(4) Pere', "wild ass," is derived from the root which means "to run," suggestive of the animal's swiftness. (5) `Arodh, is, in all probability, an Aramaic loan-word for the Hebrew pere'. The Targum uses `arodha' and `aradha'.
From the references to these various names in the Old Testament it is clear that
(1) chamor was used for riding purposes:
(a) by men (2Sa 16:2,23; 19:26; 1Ki 2:40; 13:13,23,24,27);
(b) by women (Ex 4:20; Jos 15:18; Jud 1:14; 1Sa 25:20,23,42; compare 2Ch 28:15). tsemedh chamorim, "a pair of asses" was used for riding as well as for burdens (Jud 19:3,10,19,21, etc.).
(2) It was also used in tillage (Isa 32:20). In this connection the law prohibits the use of an ass in plowing with an ox (De 22:10). The she-ass ('athon) was used as a beast of burden (Ge 45:23) and for riding (Jud 5:10; Nu 22:21,22; 2Ki 4:24). The 'ayir is also referred to as used in riding (Jud 10:4), carrying (Isa 30:6) and tilling (Isa. 30:24).
4. As a Domestic Animal:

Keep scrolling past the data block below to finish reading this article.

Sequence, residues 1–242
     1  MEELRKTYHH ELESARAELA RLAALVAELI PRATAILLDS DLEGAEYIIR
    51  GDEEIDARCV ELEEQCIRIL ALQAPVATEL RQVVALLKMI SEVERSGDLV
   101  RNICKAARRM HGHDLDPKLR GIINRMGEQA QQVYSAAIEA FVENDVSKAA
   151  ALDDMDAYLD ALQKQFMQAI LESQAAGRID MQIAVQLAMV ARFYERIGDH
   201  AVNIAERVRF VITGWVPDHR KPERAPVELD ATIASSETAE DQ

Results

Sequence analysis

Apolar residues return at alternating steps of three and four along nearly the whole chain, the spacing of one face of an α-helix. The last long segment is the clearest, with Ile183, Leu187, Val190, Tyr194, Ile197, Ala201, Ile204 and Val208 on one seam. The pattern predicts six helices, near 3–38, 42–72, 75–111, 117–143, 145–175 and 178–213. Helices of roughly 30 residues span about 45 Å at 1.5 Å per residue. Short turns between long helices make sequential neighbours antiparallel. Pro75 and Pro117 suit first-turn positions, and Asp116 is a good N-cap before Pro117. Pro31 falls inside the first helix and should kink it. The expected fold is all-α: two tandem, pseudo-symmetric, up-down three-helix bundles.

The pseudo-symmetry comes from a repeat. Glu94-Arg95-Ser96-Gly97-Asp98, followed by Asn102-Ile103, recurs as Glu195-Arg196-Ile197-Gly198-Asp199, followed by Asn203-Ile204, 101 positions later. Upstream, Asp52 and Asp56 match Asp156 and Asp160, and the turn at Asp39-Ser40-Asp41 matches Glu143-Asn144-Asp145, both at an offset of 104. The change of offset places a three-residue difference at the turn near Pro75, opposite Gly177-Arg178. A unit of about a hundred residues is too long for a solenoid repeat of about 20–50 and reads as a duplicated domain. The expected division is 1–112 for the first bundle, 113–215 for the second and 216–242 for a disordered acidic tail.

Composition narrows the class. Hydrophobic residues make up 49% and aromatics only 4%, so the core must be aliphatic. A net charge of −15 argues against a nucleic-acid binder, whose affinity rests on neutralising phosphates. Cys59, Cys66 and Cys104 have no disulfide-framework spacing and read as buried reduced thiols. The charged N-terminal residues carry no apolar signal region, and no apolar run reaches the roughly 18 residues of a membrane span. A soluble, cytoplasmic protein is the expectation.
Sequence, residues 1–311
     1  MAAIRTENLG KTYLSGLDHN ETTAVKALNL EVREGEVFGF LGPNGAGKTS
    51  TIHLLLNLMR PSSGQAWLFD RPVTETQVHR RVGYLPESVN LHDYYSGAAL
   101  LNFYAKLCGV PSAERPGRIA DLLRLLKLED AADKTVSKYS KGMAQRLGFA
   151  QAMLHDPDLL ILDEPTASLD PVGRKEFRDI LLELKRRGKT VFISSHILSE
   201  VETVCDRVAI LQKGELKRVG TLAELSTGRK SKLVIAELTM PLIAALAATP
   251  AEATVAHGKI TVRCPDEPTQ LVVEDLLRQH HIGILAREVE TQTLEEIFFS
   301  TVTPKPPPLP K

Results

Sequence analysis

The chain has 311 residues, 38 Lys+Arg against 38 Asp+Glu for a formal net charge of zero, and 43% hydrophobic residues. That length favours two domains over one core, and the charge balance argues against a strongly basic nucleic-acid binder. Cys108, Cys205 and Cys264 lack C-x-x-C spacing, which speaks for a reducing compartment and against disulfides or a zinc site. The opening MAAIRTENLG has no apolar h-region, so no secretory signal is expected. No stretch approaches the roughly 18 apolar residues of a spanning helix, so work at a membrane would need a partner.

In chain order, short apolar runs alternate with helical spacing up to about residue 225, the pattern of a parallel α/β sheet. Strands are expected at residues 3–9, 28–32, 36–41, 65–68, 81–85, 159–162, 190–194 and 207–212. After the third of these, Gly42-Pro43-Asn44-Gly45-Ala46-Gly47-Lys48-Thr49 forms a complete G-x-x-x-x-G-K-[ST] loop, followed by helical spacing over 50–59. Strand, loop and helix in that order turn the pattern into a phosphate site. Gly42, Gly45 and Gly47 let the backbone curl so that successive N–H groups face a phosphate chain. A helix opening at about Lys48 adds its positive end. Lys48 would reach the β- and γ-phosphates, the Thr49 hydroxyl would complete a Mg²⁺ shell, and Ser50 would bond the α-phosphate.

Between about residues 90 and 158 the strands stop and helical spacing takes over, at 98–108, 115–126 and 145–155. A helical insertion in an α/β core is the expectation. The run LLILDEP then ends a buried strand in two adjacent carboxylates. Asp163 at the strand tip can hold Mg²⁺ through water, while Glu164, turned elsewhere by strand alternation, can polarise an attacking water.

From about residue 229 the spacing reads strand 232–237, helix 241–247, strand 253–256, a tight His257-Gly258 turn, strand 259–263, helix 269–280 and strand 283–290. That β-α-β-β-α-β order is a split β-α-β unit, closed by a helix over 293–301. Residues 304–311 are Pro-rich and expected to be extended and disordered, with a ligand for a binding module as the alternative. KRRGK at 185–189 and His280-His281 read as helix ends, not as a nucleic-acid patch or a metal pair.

Besides the use of the ass in agriculture and riding it was employed in the caravans of commerce, and sent even upon long expeditions through the desert. The ass is and always has been one of the most common domestic animals. It is a much more important animal in Bible lands than in England and America. The humblest peasant owned his own ass. It is associated throughout the Bible with peaceful pursuits (Ge 42:26 f; 22:3; 1Sa 16:20; 2Sa 19:26; Ne 13:15), whereas the horse is referred to in connection with war and armies. Reference is also made to the use of the flesh of the ass in time of famine (2Ki 6:25). The origin of the ass like that of most domestic animals is lost in antiquity and it cannot be confidently stated from what species of wild ass it was derived. There are three races of wild asses in Asia, one of which is found in Syria, but they may all be referred to one species, Equus hemionus. The African species is East asinus, and good authorities consider our domestic asses to have descended from this, and to have been introduced at an early period into the entire Orient. The Sulaib Arabs of the Syrian desert, who have no horses, have a famous breed of swift and hardy gray asses which they assert they cross at intervals with the wild asses of the desert. It is not unlikely that domestic asses like dogs are the result of crosses with more than one wild species.